Several customers queued in front of the small window.

She stepped from the car, inhaling the sweet smell of grass and a faint whiff of cattle. The smell of that alone, with a tinge of smoke from a nearby stack, almost healed her broken heart. As she breathed in cool air and took in the quiet of the countryside, the tension in the base of her neck relaxed. Such a change from Toronto! The city bustled with excitement, promise, and disappointment.

When it was her turn, she stepped up to a window. A handsome man in a Sweet Milk Dairy cap with his long-sleeved flannel rolled up, accentuating his forearms, greeted her. He scratched his close shaven beard of about a month’s growth. Touching his hat, he grinned. “Afternoon. Ready to try some world-famous apple cider donuts? Made right here.” He pointed behind him where a young woman stood beside a pot, dipping in a spider catch and turning donuts. Beside her were colorful caramel apples. “We buy our cider from our neighbor. Tara Leigh grows apples in the Twelve Oaks Orchard just right down the road.” He pointed with his chin. “Angie is taking the donuts out of the oil right now.”
Charlotte tried to keep her heartache out of her voice. “You can’t get any fresher than that! Can I get one cider donut and two caramel apples?”

“Two?” The guy winked, opening a brown paper bag. “You got a sweet tooth or sweetheart?”

Not anymore. Her heart squeezed at the thought. “It’s for my brother.”

If it were possible, his smile grew bigger. “That’s good. No complaining about that. Even if you wanted to eat both, we wouldn’t judge.” He pointed to Angie, who looked to be graduated from high school. As it was after Labor Day, most school-aged kids were occupied during the day. “My sister could eat a whole bushel of caramel apples.” 
Angie, still keeping her spider catch in the oil, kicked out a leg, trying to get her brother. “Thanks, Eric.”

Eric? His name rang a bell.

Taking a quick step to maneuver away from Angie’s mock aggression, Eric wrapped a donut and two caramel apples in pastry paper and slipped them into a bag with Sweet Milk Dairy stamped on it, laughing all the while.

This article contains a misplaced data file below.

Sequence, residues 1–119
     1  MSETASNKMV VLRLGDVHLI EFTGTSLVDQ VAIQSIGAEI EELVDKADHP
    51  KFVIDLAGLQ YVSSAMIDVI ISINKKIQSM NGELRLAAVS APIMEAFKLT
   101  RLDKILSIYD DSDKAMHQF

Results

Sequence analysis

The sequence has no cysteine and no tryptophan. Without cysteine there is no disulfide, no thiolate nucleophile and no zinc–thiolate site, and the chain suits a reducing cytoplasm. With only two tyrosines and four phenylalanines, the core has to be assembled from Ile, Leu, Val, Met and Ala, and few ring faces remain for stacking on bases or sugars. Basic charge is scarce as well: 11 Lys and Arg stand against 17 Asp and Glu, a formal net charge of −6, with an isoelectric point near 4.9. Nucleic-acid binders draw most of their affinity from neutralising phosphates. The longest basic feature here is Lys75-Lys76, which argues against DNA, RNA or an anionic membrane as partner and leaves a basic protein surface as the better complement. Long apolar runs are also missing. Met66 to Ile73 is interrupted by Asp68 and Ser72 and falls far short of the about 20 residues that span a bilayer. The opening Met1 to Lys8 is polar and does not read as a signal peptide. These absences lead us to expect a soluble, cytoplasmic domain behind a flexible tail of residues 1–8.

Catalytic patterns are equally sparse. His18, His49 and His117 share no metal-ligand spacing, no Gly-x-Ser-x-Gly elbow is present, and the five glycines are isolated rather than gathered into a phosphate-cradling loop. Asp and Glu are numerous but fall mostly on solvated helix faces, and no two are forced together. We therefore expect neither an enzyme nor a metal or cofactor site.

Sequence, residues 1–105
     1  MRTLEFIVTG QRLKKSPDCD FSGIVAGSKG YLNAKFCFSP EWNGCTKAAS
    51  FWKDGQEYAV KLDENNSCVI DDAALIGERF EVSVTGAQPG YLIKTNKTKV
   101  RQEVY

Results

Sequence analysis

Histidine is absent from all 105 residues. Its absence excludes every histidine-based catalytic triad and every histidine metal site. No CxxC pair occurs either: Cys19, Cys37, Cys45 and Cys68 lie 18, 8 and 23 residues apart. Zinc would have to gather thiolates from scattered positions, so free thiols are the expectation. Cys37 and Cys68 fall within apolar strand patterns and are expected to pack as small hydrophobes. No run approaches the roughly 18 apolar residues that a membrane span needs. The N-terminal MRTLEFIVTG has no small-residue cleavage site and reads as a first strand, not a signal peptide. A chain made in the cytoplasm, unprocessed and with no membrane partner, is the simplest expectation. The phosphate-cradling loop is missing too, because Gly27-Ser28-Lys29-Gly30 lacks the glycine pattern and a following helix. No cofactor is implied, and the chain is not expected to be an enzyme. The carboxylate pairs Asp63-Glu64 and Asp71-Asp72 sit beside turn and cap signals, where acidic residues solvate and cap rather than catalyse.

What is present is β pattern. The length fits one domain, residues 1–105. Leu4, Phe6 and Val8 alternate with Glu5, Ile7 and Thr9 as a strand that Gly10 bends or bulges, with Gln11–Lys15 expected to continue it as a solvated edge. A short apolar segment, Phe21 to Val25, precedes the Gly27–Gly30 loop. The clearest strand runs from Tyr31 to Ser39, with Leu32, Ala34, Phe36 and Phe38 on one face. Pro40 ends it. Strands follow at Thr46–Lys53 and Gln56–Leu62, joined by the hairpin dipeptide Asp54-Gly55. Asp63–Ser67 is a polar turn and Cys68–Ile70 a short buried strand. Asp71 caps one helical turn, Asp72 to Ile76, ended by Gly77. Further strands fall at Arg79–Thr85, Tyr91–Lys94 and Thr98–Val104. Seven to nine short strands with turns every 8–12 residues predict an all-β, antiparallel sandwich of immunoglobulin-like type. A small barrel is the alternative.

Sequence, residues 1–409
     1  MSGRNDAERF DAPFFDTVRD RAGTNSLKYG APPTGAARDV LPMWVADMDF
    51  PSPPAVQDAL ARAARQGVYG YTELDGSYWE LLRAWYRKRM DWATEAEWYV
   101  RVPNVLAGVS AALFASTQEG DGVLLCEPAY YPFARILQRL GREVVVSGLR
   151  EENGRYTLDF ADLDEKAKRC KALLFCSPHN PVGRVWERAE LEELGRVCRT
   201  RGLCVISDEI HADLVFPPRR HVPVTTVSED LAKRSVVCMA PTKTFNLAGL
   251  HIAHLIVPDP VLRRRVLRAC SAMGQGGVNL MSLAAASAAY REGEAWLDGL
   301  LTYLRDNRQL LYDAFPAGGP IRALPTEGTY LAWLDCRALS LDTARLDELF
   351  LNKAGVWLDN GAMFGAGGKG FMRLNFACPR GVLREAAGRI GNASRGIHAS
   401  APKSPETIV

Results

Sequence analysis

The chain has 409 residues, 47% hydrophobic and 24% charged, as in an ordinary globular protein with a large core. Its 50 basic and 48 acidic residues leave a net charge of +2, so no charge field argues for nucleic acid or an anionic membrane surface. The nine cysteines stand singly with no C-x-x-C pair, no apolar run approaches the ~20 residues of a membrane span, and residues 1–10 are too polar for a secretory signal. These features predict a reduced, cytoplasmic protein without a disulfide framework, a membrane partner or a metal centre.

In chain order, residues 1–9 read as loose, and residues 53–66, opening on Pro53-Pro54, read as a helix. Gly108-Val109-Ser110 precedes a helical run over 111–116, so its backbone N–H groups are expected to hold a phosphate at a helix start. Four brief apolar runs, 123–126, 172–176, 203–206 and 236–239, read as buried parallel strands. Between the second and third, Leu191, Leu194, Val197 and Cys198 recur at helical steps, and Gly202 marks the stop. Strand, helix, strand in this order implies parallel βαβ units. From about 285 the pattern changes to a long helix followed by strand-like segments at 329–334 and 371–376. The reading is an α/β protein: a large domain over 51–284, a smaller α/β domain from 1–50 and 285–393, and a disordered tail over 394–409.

Eric faced Charlotte again, and grinned. “Not that I would blame her. These apples are the best in the county. The only place I trust other than our own farm.” He set the bag in front of Charlotte.
“You own this dairy?” She glanced around the rolling hills that abutted the Laurent Mansion up the hill a ways. She could see the tree-line fence from here.

He gave a short nod. “My mom does now. We run one of the last family-owned dairy farms in these parts.”

“We’re neighbors.” Before taking the white sack, Charlotte dug into her purse to grab her wallet.

“Oh?” He raised his eyebrows, his dark eyes dancing with amusement.

“My brother and I live just down the road.” She pointed toward the hill where the tops of the gray slate roof of the Laurent Mansion poked out of the tops of the trees.

“Pleased to meet you, neighbor.” He stuck out his hand. “Eric Benton.”

She took it with a grin, her bad mood dissipating. His grin, his eyes—everything clicked into place. “Wait, I know you. We played hide-and-go seek when we were children.”

“You can’t be.” Blinking, he studied her, his eyes growing wide. “Little Charlie?” His shock melted into another smile. “You were just eight when you lived here. You back in town?”

At her childhood nickname, she felt a flush creep up her neck. He used to tease her and pull her hair.

His amused smile reached his eyes. Leaning closer, he rubbed a hand across his beard. “I remember you running around these hills in overalls, your hair in pigtails.”

“That was more than fifteen years ago.” She remembered chasing after him and Preston. When Preston shouted no girls allowed, Eric always insisted they make an exception for her. Preston rolled his eyes and sighed and let her come. Even as a kid, Eric had the warmest smile. He’d improved with age.

She held out bills.
He shook his head, pushing the cash back. “It’s on the house. The least I can do for my neighbor and former rival in childhood games."